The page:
Lupari explains firearm seizure

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CHIEF Secretary Isaac Lupari, pictured, says a shipment of police firearms sent from South Korea to Port Moresby was impounded in Lae by Customs because they were not properly declared.
Lupari, the National Security Advisory Council chairman, was commenting yesterday on the 280 semi-automatic guns seized by Customs in Lae and locked up at the Defence Force’s Igam Barracks.
“Those were ordered by police through the private sector,” Lupari told The National.
“There’s a company that’s in the business of exports and imports that was sourced to supply those firearms.
“It was impounded by Customs.
“Customs has undertaken an extensive investigation into it, and based on that, they’ve provided a report to National Security Advisory Council.
“We’ve discussed it and we’ve found that the order was made by police.
“And because there was no declaration, Customs had to impound them.”
Lupari said the council dad given its approval to the police and army to use the firearms, based on the report submitted by Customs.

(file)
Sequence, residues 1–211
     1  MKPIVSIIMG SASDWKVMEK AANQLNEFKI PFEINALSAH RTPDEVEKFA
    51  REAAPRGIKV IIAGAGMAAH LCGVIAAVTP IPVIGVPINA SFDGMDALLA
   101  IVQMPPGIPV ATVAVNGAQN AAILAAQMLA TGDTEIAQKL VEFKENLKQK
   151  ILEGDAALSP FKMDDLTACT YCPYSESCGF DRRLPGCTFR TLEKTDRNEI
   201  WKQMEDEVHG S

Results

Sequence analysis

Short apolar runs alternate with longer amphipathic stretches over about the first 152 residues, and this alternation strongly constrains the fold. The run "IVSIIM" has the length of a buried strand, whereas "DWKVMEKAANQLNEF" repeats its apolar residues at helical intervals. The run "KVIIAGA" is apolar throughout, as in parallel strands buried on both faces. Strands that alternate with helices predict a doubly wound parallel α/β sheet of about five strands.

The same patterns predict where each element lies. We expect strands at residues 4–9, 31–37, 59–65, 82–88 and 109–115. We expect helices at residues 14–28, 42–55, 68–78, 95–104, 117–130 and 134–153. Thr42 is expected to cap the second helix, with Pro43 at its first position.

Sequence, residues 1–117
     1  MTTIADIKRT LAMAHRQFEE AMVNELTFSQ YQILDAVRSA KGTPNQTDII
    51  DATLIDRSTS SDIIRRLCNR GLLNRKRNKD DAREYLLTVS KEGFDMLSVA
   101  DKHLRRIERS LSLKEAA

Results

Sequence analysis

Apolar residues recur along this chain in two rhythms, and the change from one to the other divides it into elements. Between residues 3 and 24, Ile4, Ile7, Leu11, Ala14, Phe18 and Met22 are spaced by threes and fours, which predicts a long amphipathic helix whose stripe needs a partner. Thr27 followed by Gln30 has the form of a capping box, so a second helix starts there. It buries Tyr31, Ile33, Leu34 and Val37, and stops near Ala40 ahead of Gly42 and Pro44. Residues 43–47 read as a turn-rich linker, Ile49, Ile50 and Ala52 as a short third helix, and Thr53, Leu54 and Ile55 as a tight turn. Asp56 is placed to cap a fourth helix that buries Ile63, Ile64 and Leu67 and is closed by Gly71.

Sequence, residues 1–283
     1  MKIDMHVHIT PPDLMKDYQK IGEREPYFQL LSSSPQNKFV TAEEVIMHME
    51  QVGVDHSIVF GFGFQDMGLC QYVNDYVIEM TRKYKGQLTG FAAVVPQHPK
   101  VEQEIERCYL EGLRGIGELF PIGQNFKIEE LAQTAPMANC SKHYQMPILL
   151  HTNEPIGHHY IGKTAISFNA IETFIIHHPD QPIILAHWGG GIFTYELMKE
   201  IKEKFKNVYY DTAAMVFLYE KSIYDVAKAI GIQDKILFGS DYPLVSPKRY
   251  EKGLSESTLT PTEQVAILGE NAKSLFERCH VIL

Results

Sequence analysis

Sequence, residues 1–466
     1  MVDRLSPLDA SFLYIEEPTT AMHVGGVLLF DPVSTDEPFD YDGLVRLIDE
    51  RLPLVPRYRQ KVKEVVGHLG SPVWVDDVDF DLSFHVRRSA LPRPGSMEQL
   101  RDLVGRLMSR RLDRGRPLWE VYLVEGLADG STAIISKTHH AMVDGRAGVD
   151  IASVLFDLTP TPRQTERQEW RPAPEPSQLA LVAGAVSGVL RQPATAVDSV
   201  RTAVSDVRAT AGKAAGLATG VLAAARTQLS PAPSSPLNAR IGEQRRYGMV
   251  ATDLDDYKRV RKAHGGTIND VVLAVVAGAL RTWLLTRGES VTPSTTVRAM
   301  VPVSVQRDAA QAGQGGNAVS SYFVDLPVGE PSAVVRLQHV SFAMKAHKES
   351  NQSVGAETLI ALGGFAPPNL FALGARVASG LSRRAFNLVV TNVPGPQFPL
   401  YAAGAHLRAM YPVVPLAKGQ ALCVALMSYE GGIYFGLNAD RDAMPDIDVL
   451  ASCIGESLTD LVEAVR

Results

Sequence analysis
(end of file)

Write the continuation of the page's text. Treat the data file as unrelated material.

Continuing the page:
“That has been sorted out and it has been approved for police and army to utilise those firearms,” he said.
“The Defence Force is, for the time being, taking care of the firearms at Igam Barracks.
“It’s now for the (PNGDF) commander and the (police) commissioner to put an arrangement in place as to how these firearms are going to be utilised between the two forces.”
Asked about the Customs report, Lupari said: “Because there was no documentation, they (Customs) thought that it was firearms brought by private individuals.
“They went through all the documentation and carried out investigations, and found out that it was an order by police.”

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